Comment – Mega-Scale IT projects in the public sector | Brookings Institution – John Gelmini

English: Project development stages

English: Project development stages (Photo credit: Wikipedia)

Dr Alf’s report from the Brookings Institution, about large scale IT projects in the public sector, is interesting and timely.Repeated delays and project failures are it seems normal in America and elsewhere, just as they are in the UK.

The situation in the UK is worse, however, on a number of levels:

1) The UK overall is a low growth economy, which has averaged 1.4% growth since 1946, and it is dogged by low productivity and structural debts of £3 billion gbp a month, plus the £1.5 trillon we currently owe.We therefore can afford project failures less than other more efficiently run countries

2) Low UK productivity means that projects take longer than they should, thus adding to the cost and take longer to fix when things go wrong. This is evidenced by the fact that in terms of value per taxpayer pound, we are about 20th in the world, and three-times the cost of Singapore which spends £1 gbp for every £3 gbp that we spend on projects and the delivery of public services.

3) The UK does not decision-tree its public sector projects properly and it allows mission-creep to the point where civil service mandarins “gold plate” original specifications to the point where MOD projects can end up costing 12 times the original estimate. The MOD, in Dr Alf’s lifetime, has never managed to complete a single project on time and within budget,the Home Office is regarded as not fit for purpose by at least four former Home Secretaries and has written-off the more than £2 billion gbp costs of “E-Borders” which is a joint BT Global Services/Raytheon Defence Systems project designed to count people into and out of the country. Effectively, now because of the failure of that project the whereabouts of 7 million illegal aliens remains forever unknown, along with the 250,000 who come here and remain here each year using purchased spare NI numbers and bogus documentation generated by people smugglers, snakehead gangs in China, organised crime etc. The extra costs of housing, infrastructure, schools, hospitals, roads and services all stem from this failure of an IT project to control our borders.

Thus, what is needed is not just better project management of IT costs but better decision treeing of Government policies and their consequences as happens in countries like Singapore, Switzerland and Germany, where legislators and officials often have backgrounds in science, engineering, business and numerate disciplines, and are capable of really good critical-thinking, coupled with a desire to make the people more prosperous, rather than fleece them at every turn.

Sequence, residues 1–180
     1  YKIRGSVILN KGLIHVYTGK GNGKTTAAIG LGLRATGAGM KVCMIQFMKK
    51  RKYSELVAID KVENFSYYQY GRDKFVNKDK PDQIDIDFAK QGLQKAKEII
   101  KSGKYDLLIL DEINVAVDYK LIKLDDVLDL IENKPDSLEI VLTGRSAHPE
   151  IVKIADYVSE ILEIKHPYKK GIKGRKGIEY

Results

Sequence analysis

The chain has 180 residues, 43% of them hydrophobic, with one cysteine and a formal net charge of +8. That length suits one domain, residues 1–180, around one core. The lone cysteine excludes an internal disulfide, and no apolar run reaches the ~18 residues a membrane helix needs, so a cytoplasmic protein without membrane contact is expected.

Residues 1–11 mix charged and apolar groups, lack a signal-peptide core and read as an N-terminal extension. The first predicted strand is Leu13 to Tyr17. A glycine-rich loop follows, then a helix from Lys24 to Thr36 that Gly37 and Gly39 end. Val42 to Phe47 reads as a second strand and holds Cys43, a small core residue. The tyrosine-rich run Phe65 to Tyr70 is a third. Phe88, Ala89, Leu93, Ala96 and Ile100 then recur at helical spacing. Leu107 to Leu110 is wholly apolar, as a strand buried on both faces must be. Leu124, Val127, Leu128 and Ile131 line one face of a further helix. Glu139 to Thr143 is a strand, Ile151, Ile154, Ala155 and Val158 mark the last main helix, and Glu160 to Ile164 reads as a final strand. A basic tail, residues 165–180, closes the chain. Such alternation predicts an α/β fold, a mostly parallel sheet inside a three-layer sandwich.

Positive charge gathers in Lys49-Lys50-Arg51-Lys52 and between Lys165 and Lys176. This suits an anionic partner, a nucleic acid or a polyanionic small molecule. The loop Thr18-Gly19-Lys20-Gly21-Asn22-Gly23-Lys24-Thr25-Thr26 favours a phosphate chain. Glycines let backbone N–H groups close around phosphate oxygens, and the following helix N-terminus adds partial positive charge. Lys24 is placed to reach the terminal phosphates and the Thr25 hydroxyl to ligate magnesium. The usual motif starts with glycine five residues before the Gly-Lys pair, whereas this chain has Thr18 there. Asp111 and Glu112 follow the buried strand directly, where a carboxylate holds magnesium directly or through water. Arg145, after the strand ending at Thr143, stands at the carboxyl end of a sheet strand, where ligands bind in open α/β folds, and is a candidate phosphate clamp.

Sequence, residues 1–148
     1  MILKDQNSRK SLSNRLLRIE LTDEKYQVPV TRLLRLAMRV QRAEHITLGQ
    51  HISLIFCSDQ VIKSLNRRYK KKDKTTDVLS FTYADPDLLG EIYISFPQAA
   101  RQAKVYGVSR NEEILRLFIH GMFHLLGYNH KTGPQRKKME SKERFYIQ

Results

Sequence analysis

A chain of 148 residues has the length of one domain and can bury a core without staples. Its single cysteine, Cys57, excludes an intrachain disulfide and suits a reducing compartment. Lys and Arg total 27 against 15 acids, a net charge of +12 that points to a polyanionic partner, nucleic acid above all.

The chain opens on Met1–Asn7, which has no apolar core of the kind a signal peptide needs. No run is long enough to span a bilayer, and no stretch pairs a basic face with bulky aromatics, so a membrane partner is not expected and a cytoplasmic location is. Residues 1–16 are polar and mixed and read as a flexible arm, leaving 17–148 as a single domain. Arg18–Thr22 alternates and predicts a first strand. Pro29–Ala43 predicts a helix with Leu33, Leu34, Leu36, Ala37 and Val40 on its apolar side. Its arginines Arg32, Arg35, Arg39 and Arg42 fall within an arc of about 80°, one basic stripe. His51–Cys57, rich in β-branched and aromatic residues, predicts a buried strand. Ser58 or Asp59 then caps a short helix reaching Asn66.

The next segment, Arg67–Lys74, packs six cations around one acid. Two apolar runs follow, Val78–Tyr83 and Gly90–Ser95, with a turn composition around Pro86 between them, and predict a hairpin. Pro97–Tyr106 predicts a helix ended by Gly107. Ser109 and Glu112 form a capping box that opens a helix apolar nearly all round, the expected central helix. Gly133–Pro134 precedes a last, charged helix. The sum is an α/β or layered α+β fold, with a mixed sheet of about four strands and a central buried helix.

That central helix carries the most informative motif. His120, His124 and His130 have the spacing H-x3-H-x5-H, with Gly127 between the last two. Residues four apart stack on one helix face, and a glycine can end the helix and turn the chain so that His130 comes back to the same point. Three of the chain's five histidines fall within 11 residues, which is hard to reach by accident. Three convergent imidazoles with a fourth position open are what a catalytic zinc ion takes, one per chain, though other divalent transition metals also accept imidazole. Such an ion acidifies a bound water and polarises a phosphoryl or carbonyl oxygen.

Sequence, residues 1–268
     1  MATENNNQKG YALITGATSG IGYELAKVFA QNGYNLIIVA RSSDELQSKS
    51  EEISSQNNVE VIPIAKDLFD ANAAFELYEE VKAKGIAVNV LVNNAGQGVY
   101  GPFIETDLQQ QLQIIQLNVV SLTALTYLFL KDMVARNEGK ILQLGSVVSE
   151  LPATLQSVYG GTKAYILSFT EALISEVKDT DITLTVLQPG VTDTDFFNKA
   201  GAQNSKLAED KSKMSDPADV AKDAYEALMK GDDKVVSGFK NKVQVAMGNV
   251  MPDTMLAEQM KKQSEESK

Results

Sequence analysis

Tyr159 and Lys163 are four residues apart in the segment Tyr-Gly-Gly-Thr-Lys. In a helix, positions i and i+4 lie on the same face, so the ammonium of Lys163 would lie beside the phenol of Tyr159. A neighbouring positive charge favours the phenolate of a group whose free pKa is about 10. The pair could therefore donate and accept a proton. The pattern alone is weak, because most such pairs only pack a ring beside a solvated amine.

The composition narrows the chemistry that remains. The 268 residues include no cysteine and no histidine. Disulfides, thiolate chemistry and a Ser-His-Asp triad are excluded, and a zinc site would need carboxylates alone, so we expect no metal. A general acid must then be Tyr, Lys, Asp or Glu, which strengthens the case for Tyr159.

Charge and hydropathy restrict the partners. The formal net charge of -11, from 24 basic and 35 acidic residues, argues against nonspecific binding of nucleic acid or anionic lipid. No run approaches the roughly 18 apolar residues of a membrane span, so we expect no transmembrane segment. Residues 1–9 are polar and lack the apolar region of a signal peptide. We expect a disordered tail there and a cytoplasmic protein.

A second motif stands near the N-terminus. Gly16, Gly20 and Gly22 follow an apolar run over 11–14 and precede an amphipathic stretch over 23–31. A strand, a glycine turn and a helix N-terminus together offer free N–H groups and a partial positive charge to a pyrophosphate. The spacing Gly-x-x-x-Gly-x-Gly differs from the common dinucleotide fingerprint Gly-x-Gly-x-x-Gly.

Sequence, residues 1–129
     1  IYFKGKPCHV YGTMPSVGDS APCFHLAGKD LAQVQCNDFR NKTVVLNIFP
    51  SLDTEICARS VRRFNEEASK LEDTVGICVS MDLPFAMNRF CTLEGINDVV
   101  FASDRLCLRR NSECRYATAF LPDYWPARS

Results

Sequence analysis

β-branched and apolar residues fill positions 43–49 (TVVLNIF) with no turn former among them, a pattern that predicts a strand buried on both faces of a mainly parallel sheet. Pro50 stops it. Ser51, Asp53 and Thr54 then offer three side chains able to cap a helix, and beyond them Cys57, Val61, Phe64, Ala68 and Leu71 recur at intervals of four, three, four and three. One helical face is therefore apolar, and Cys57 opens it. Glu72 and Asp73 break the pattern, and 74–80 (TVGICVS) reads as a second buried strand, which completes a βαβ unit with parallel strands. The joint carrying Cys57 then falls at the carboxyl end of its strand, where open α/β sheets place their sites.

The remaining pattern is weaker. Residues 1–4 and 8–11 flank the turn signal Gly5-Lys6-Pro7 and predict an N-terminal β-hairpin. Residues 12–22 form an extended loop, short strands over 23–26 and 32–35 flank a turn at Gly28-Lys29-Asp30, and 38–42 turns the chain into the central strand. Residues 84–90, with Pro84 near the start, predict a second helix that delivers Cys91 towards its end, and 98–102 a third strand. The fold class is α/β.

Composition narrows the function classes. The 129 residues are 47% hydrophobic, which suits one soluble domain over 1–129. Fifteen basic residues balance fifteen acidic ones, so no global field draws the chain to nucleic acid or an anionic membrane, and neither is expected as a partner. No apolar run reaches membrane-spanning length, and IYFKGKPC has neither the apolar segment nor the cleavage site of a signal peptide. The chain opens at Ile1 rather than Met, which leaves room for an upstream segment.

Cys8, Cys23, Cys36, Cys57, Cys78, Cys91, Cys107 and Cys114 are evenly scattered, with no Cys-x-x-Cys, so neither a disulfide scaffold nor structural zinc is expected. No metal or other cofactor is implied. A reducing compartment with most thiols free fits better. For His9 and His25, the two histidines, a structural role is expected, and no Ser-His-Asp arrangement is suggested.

WHO COULD HELP WITH THIS?

Certainly not the Big 4 management consultancies and the systems integrators and outsourcers like Capita, IBM Global Services and BT Global Services, who have loyalties to their shareholders and partners and who have failed.

Certainly not the Civil Service itself because it is a cause of the problem.

The search should end quickly with the appointment of the 1200 interims who still live and are qualified to do the work that is necessary. Open these links for excellent, explanatory, expert and extremely popular blogs from Dr Alf:

Will it happen?

Well it’s new minister at the Cabinet Office but Catch 22 and cronyism still prevail. In short, there are too many snouts in the trough.

John Gelmini

HSBC to cut 50,000 jobs in major shake-up – MarketWatch

MarketWatch

MarketWatch (Photo credit: Wikipedia)

According to MarketWatch, HSBC has announced worldwide job cuts of 50,000, with the UK and Turkey being particularly targeted.

via HSBC to cut 50,000 jobs in major shake-up – MarketWatch.

The HSBC cuts in the UK and Turkey are no surprise. The UK banking sector is bloated, inefficient, with broken business processes, and over-regulated, with a very high-level of customer dissatisfaction. Of course, it’s hard for the families of those who lose their jobs but candidly in other sectors they’d have been out of work way before now.

Turkey is a special case as highlighted by this weekend’s election. The country has a government that has deliberately created tension for international investors – simply the political risk of foreigners doing business in Turkey is now too high.

HSBC will be the flag bearer and expect all the other major banks to follow with their own rounds of savage cuts. This will affect suppliers and contractors to banks, as well. Market forces are alive and well. Perhaps, it’s better for the banks leaders to act before the regulators?

As for Turkey, the HSBC decision will be a wake-up call for other multi-nationals operating in Turkey.

Thoughts?

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